As far as I can see it, there are three types of "Christians." In
today's society we tend to consider anyone who is not
noticeably below-average on that society's ethical curve a
"Christian." This of course depends on the opinion of the speaker and
their society's own ethics. If "Christian" is meant to be "like Christ," then how would God look at that use of the word? In short, accepted by a society considering itself "Christian" qualifies, but there is no mention of these qualifications in the Bible or Church tradition,
etc., except Jesus' grief over the Pharisees' error, and Paul's own self-criticism, "If I yet pleased (society?), I would not be the servant of Christ."
Second, there is a person who has been tagged as a Christian through some rite of passage. Depending on the context, this could be birth into a Christian tribe, baptism, chrism, praying an accepted prayer, or speaking in tongues. In this picture, a "right life" tends to bow out in favour of the rite. In this picture, anyone whose name is in the parish book is considered to be in God's, as well. To look at Jesus' words, or Paul's, wouldn't this kind of approach be sufficient grounds for God to strike a group as even being "Church."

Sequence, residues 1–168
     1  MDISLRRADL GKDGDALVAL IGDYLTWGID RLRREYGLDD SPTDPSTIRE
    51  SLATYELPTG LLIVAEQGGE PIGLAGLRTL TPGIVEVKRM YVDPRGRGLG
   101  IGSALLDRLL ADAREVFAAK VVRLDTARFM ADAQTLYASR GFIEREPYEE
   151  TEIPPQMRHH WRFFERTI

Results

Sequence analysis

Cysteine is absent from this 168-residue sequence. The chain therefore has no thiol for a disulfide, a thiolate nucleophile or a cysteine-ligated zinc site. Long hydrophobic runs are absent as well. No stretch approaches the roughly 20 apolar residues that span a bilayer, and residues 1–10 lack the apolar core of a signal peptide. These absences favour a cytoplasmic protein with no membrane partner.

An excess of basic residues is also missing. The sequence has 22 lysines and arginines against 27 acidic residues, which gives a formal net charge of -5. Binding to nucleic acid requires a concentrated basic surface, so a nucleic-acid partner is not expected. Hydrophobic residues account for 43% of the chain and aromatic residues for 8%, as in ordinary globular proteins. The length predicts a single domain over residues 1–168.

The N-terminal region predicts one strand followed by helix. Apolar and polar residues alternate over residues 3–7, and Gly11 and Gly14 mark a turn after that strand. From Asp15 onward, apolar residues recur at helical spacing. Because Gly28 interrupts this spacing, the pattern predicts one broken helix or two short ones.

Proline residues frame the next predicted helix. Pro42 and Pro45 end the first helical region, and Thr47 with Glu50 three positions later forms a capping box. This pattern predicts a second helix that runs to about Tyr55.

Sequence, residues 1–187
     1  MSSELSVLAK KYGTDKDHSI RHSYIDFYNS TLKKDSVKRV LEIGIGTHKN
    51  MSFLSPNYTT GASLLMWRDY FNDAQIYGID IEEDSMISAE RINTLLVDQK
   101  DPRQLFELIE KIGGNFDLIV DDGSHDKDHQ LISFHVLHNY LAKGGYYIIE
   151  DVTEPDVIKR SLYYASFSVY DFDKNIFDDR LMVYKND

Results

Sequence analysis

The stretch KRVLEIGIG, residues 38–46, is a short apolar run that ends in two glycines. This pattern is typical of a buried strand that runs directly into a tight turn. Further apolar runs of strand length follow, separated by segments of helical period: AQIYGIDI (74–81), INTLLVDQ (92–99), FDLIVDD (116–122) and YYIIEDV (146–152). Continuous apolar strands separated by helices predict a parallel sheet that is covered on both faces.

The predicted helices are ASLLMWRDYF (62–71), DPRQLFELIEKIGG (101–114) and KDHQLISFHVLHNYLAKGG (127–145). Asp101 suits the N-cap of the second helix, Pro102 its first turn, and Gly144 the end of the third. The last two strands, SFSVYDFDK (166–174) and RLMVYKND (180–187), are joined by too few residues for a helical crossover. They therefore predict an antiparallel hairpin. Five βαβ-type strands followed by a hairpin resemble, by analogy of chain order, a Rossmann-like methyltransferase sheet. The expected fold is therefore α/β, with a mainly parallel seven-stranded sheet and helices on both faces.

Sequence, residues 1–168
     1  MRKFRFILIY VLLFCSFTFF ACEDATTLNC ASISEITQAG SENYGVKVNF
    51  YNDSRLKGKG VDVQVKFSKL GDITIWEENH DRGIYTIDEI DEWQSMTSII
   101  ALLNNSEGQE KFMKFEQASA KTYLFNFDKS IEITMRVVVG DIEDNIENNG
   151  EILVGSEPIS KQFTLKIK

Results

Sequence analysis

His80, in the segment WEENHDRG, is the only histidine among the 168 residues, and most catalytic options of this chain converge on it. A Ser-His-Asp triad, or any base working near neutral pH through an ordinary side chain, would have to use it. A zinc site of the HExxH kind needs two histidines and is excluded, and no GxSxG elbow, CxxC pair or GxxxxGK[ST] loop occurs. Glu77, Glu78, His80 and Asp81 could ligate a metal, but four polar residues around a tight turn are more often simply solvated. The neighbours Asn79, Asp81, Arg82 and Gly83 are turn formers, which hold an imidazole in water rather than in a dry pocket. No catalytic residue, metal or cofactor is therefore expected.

The third would be a rather peculiar person. While these other "types" act in ways learned from the "outside in" through conformity to human norms, this third Christian is being transformed from the inside, out, often in such a way to show the workings of some agency above what we know as "natural." The initiation might vary, but the motivation is always a desire to belong to Christ. That person enjoys the inner assurance of the Holy Spirit, and lives a life that reflects that assurance, "being conformed to the image of the likeness of Christ,"
So- What's a "real" Christian? Wouldn't it depend on who we're trying to please?
Friday, November 2
Posted by Patrick Robert Easter